5.) Rand Paul is super smart. 

Rand Paul never graduated college. Despite this fairly large obstacle, he was accepted to one of the best medical schools in the country — Duke University’s — on the strength of his MCAT exam score.

7.) Rand Paul was very close to his father’s political movement.

He even took a leave of absence from his medical practice in 1996 to help engineer his father’s return to the House of Representatives.

8.) Rand Paul went by Randy until his wife Kelley told him that was not a name for an adult. 

The New Yorker reports:

Not long after meeting Randy, Kelley told him that his name didn’t seem appropriate for an adult, and she renamed him. Carol Paul told me, “When he and Kelley met, he was a big boy. He could be Rand.”

9.) Rand Paul seemed to be winning respect from John McCain — that is, until Paul falsely accused him of meeting with ISIS terrorists.

Ryan Lizza talked talked to John McCain, who once called Paul a “wacko bird,” for his profile of Paul. But McCain seemed to have had a change of heart about Kentucky senator:

John McCain, one of Paul’s longtime critics, told me in August, “I see him evolving with experience, with travel, with hearings on the Foreign Relations Committee. I see him having a better grasp of many of the challenges we face than when he first got here. That doesn’t mean he is now a John McCain, but it certainly does mean that he has a greater appreciation and has been articulating that.”

McCain even told Lizza he could imagine supporting Paul if Paul won the Republican presidential primary in 2016:

McCain told me that, if Rand Paul is the Republican nominee for President in 2016, he will support him. “I’ve seen him grow and I’ve seen him mature and I’ve seen him become more centrist. I know that if he were President or a nominee I could influence him, particularly some of his views and positions on national security. He trusts me particularly on the military side of things, so I could easily work with him. It wouldn’t be a problem.”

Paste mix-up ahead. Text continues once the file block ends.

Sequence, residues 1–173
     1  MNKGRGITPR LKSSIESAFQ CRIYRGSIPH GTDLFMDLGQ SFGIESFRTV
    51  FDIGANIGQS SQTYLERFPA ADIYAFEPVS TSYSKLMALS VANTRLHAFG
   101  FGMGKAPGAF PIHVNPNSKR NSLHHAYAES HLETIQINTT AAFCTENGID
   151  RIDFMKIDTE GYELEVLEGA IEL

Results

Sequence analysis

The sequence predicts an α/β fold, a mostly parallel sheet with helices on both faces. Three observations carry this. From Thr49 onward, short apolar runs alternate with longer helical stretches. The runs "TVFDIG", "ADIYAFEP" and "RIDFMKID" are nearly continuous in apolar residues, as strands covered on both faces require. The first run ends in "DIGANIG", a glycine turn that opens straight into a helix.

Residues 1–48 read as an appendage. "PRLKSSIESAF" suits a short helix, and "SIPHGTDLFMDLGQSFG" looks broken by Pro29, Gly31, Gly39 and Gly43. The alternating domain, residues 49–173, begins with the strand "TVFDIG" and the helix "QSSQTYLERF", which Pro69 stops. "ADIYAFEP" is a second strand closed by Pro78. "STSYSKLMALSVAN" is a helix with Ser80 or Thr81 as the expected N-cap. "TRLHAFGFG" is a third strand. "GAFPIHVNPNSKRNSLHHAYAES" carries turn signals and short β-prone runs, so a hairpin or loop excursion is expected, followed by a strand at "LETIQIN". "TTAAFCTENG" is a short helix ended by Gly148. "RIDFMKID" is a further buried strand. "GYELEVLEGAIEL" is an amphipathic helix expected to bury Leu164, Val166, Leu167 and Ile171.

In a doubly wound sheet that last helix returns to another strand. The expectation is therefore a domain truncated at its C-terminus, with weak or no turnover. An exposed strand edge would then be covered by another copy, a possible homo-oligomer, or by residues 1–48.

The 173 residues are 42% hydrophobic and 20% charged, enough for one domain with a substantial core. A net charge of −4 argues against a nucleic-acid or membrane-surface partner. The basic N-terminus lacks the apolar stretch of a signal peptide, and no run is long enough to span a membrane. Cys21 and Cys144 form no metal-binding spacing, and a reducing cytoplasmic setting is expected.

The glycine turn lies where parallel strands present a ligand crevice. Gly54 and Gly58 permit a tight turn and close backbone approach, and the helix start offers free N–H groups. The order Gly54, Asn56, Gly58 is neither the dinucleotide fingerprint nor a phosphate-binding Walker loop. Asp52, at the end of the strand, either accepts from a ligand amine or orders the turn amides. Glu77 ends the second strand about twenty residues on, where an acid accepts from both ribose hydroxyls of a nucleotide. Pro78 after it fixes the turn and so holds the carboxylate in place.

But that was all before Paul accused McCain of meeting with ISIS fighters during a 2013 trip to Syria — a claim that has no basis in fact. When Lizza caught up to McCain again, he wasn’t quite as effusive about Paul:

Last week, I talked to John McCain again, and he was in a less generous mood. In an interview with the Daily Beast on September 17th, Rand Paul, apparently referring to a widely discredited Internet conspiracy theory, said that McCain had met with ISIS. “They had a doctored picture of me with Baghdadi!” McCain said, speaking of the leader of ISIS: “It is disappointing that he would pick up and legitimatize what was clearly information that was being pushed by people who are enemies of the United States.” McCain now dismissed Rand’s hawkish rhetoric aboutISIS: “He said we have to destroy ISIS, and yet he has not described a strategy in order to achieve that goal.”